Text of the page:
Computed Tomography

Computed tomography (CT) uses X-rays to create numerous cross-sectional pictures of the body (tomography is imaging by sections or “slices” of tissue). The CT scanner sends X-ray pulses through the body area being studied. Each pulse takes a picture of a thin slice of the organ or area. Pictures, which can be taken from different positions, are saved on a computer. The scanner can generate multiple two- and three-dimensional cross-sections of tissue. Certain CT examinations require patients to receive an injection of contrast (“dye”) or drink a fluid prior to the scan. 

CT is used to diagnose disease and injury in many areas of the body. It is used in:

  • Trauma care to quickly assess the severity of illness and injuries
  • Oncology to evaluate the extent of cancer (staging) and a patient’s response to cancer therapy
  • Gastrointestinal (GI) care to detect inflammatory bowel disease and other disorders of the GI tract
  • Postoperative evaluation to look for leaks or obstructions following surgery
  • Chest disorders to detect a pulmonary embolism (blocked artery in the lung), emphysema, lung cancer, fibrotic lung tissue and other diseases
  • Orthopaedics to exam bones for fractures and tumors and to aid in planning for surgery. 

CT neuro-angiography (CTA)

CT neuro-angiography is a neuro-imaging technique that combines CT with X-rays and the injection of a contrast material to examine blood vessels in the brain. X-rays are passed through the area of interest from several different angles to create cross-sectional images, which are then assembled by into a 3-D picture by a computer.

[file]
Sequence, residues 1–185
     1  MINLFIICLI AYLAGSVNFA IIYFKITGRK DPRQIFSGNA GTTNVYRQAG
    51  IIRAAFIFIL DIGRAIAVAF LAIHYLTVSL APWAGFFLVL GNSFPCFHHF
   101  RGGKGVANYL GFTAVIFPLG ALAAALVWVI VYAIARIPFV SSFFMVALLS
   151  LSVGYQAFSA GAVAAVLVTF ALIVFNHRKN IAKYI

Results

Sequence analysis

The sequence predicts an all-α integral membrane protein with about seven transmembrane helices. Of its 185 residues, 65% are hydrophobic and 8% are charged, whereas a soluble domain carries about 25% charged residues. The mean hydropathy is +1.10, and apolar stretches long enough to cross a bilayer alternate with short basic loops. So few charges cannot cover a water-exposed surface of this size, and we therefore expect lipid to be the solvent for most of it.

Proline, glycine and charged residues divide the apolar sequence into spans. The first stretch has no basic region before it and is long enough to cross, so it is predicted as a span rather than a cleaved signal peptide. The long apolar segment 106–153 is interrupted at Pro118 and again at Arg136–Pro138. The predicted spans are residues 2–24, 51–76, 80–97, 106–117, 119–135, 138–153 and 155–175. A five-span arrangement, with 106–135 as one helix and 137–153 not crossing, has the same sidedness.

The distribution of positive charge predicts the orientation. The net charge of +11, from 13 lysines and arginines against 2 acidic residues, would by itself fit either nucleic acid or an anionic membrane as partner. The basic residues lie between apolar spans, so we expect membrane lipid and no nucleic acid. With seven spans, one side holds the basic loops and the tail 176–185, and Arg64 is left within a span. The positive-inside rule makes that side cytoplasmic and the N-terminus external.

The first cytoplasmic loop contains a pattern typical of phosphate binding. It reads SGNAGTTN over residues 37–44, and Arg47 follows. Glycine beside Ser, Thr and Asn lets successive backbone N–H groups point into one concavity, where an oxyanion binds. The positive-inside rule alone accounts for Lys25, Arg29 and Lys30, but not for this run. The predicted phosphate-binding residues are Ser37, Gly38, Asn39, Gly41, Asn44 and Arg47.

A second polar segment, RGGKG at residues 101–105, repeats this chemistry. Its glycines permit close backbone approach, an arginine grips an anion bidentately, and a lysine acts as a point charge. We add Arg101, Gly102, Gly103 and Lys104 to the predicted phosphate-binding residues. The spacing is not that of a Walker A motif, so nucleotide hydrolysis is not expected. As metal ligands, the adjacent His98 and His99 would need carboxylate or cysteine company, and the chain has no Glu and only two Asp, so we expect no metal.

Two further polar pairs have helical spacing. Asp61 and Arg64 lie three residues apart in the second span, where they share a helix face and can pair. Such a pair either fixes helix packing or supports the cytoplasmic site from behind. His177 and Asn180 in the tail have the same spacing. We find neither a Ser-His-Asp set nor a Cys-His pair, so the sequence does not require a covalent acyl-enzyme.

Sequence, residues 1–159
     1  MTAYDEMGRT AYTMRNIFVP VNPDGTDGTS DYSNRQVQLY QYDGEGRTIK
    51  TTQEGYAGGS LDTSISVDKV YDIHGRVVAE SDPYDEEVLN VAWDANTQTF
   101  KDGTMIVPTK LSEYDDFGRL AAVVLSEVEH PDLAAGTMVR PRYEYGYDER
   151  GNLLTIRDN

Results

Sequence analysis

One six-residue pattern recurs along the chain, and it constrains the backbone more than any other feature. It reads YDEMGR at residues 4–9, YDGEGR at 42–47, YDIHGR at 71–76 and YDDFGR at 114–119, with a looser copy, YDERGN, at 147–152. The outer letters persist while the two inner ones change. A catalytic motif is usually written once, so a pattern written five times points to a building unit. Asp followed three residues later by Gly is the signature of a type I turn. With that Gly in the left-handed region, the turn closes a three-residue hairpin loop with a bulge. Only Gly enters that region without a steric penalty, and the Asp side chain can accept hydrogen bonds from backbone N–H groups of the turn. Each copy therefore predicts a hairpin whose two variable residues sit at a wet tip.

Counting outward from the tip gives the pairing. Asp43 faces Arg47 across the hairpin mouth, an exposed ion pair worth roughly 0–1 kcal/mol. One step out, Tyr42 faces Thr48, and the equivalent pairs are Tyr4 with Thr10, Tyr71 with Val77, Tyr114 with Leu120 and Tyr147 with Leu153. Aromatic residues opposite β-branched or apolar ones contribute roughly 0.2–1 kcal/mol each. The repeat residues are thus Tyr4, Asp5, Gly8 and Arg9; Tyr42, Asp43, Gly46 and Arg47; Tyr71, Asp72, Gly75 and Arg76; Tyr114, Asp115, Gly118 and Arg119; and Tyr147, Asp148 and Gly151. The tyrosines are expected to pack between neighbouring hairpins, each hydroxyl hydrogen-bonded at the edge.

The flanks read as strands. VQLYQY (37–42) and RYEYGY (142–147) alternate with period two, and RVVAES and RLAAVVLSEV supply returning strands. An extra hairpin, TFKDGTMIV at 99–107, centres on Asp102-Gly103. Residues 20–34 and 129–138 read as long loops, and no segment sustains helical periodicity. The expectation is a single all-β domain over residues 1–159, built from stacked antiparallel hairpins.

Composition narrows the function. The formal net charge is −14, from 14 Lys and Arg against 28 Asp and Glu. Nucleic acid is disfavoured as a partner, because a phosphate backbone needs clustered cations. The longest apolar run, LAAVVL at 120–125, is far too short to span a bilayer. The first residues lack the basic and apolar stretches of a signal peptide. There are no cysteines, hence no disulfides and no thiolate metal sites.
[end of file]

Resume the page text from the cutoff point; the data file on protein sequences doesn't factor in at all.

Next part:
VCT Scanner

Froedtert Hospital was the first in the world to use a 64-slice volume computed tomography scanner. It is available 24-hours a day and can scan the entire body in less than 10 seconds, giving surgeons more immediate information for determining treatment, ultimately providing you faster care.

CT Angiography

Angiography uses a special form of X-ray and a “dye” that is injected into the bloodstream to see the detailed anatomy of the blood vessels in the body. At Froedtert & the Medical College of Wisconsin, diagnostic angiography is performed almost exclusively with the 64-slice VCT scanner. This includes studies of the carotid artery/brain circulation, thoracic and abdominal aorta, abdominal imaging of the liver, pancreas, spleen, kidneys, and intestine, and upper and lower extremity angiography. Compared to the previous technique that involves using an invasive catheter, CT angiography is less invasive (intravenous injection), faster, more convenient for patients, and provide a high-resolution image. The VCT scanner enables angiograms to be performed at acceptable radiation dose with relative low volumes of contrast medium. 

Major national and international clinical trials are demonstrating that CT angiography of the coronary arteries performed with an intravenous injection of “dye” provides comparable images to invasive, catheter-based coronary angiography in patients at low to intermediate risk of heart disease. In addition, cardiac CT can demonstrate the structure and function of cardiac valves and chambers in a manor comparable to echocardiography and MRI.